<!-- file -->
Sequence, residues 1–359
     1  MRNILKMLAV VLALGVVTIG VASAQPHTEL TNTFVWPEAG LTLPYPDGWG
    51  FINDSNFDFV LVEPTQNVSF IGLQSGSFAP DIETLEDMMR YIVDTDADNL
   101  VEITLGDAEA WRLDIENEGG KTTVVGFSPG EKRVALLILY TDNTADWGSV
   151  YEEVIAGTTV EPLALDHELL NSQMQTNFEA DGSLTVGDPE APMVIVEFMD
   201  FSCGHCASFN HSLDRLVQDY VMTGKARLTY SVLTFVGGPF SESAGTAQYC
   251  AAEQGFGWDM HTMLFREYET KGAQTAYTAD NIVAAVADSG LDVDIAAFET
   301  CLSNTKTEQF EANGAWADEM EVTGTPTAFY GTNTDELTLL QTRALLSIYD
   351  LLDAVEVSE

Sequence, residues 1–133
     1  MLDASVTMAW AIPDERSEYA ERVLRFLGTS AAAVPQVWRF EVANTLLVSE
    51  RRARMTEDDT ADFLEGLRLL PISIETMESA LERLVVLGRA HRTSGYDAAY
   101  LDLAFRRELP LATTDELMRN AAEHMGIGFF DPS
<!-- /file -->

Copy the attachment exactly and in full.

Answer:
Sequence, residues 1–359
     1  MRNILKMLAV VLALGVVTIG VASAQPHTEL TNTFVWPEAG LTLPYPDGWG
    51  FINDSNFDFV LVEPTQNVSF IGLQSGSFAP DIETLEDMMR YIVDTDADNL
   101  VEITLGDAEA WRLDIENEGG KTTVVGFSPG EKRVALLILY TDNTADWGSV
   151  YEEVIAGTTV EPLALDHELL NSQMQTNFEA DGSLTVGDPE APMVIVEFMD
   201  FSCGHCASFN HSLDRLVQDY VMTGKARLTY SVLTFVGGPF SESAGTAQYC
   251  AAEQGFGWDM HTMLFREYET KGAQTAYTAD NIVAAVADSG LDVDIAAFET
   301  CLSNTKTEQF EANGAWADEM EVTGTPTAFY GTNTDELTLL QTRALLSIYD
   351  LLDAVEVSE

Sequence, residues 1–133
     1  MLDASVTMAW AIPDERSEYA ERVLRFLGTS AAAVPQVWRF EVANTLLVSE
    51  RRARMTEDDT ADFLEGLRLL PISIETMESA LERLVVLGRA HRTSGYDAAY
   101  LDLAFRRELP LATTDELMRN AAEHMGIGFF DPS